[H] [P]

ECON 4110-R01            ETHICS AND ECONOMICS             Booi Themeli                        MR 2:30-3:45pm
This course examines how ethical considerations enter into economic decisions. Readings include writings by moral philosophers and the founders of economic thought as well as recent research on ethical issues. Topics for discussion may include childcare, trade liberalization, welfare reform, healthcare, poverty, pollution, and economic sanction.
[H] [P]

ECON 4110-R02            ETHICS AND ECONOMICS              Booi Themeli                       MR 4:00-5:15pm
This course examines how ethical considerations enter into economic decisions. Readings include writings by moral philosophers and the founders of economic thought as well as recent research on ethical issues. Topics for discussion may include childcare, trade liberalization, welfare reform, healthcare, poverty, pollution, and economic sanction.
[H] [P]

ENGL 3356-R01    INTRODUCTION TO ASIAN AMERICAN STUDIES      James Kim   TF 2:30-3:45pm
An introduction to key issues in Asian American Studies, viewed through a transnational frame of reference. Topics will most likely include patterns of Asian migration to the U.S., exclusion laws, Japanese American internment, model minority discourse, and Asians and Asian Americans in film and media.
[L] [C, D]

ENGL 3649-R01    WOMEN'S LITERATURE: THE AMERICAN TRADITION       J Cooper   TF 1:00-2:15pm
Our focus in this course will be American women's fiction and poetry from the nineteenth century to the present. As we proceed, we will explore the following questions: Is there one tradition of American women's literature? What are some of the main themes and techniques of American women's literature? How useful is "women's literature" as a category? Possible authors include Harriet Jacobs, Kate Chopin, Charlotte Perkins Gilman, Edith Wharton, Gertrude Stein, Zora Neale Hurston, Eudora Welty, Toni Morrison, Marge Piercy, Leslie Marmon Silko, Alice Notley, and Bharati Mukherjee.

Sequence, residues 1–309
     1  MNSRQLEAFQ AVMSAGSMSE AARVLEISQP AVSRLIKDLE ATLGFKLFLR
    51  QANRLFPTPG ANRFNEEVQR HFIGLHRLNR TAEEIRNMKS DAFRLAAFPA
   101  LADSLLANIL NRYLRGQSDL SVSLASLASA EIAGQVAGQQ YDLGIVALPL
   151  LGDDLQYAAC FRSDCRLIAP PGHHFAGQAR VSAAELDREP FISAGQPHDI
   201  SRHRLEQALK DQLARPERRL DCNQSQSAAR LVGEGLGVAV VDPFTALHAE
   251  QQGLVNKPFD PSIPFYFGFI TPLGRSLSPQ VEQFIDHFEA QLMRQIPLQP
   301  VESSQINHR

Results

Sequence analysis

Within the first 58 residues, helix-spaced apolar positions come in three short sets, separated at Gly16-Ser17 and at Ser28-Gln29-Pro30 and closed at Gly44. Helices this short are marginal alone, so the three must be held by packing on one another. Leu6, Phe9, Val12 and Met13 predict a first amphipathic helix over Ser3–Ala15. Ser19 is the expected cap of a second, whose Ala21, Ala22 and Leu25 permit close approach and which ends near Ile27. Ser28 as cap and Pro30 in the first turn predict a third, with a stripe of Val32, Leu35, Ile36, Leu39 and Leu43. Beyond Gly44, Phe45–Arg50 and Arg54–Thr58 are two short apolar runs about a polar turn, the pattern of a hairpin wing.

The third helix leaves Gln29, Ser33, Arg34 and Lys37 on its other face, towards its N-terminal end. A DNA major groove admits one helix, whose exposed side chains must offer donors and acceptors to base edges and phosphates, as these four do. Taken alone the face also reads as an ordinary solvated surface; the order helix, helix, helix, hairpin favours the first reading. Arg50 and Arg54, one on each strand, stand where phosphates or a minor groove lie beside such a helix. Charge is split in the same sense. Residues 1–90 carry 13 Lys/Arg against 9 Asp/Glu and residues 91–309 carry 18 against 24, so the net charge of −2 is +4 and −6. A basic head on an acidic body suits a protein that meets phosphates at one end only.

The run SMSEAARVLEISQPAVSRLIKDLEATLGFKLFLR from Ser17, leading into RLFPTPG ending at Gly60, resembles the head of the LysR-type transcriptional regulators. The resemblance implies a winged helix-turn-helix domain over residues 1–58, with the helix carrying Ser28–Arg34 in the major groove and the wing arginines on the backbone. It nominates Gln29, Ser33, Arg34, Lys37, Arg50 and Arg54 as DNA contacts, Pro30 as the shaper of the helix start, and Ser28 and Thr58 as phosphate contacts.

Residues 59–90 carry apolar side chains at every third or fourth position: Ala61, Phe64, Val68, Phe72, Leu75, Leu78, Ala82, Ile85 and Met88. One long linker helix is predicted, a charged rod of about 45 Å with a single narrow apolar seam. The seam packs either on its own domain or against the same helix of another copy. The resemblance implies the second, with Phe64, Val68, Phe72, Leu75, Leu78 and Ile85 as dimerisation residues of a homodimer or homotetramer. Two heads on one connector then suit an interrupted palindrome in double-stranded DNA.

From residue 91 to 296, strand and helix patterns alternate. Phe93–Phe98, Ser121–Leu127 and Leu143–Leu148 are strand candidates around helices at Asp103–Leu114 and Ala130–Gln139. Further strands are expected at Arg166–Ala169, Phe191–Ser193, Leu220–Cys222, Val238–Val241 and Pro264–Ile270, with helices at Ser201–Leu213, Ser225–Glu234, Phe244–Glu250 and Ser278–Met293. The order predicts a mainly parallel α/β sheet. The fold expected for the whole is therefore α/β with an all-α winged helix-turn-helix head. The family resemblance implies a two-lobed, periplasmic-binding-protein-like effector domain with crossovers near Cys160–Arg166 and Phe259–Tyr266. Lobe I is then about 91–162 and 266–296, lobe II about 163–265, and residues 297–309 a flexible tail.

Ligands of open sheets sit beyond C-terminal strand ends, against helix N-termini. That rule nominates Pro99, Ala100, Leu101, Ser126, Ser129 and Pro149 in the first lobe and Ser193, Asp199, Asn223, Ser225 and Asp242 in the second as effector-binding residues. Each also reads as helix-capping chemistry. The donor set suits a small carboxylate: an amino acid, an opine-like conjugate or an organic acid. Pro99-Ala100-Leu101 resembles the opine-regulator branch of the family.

[L] [C]

ENGL 3673-R01          POSTMODERN AMERICAN NOVEL           Daniel Contreras       TF 10:00-11:15am
Postmodernism marks the time and space after WWII; the globe has become the global market, producing wide ranging cultural and political effects. These effects are explored in various experimental novels by American writers including Philip K. Dick, Thomas Pynchon, Don DeLillo, William S. Burroughs, and David Foster Wallace. This course will concentrate on a selection of novels that attempt to make sense of a world dominated by commodities and images in a time of endless war.
[L] [C]

ENGL 4129-R01      FOUR MODERN CATHOLIC WRITERS           Richard Giannone    M 2:30-4:30pm
This seminar will consider the writings of Dorothy Day (1897-1980), Thomas Merton (1915-1968), Flannery O'Connor (1925-1964), and Walker Percy (1916-1990). These four authors, who arguably can be termed reformers as well as artists in their own right, are the principal critics of the modern Catholic predicament before and after World War II. Each in her or his way saw a church in drastic need of rebuilding and sought to restore what had collapsed and had been left unheeded by what was essentially an immigrant institution.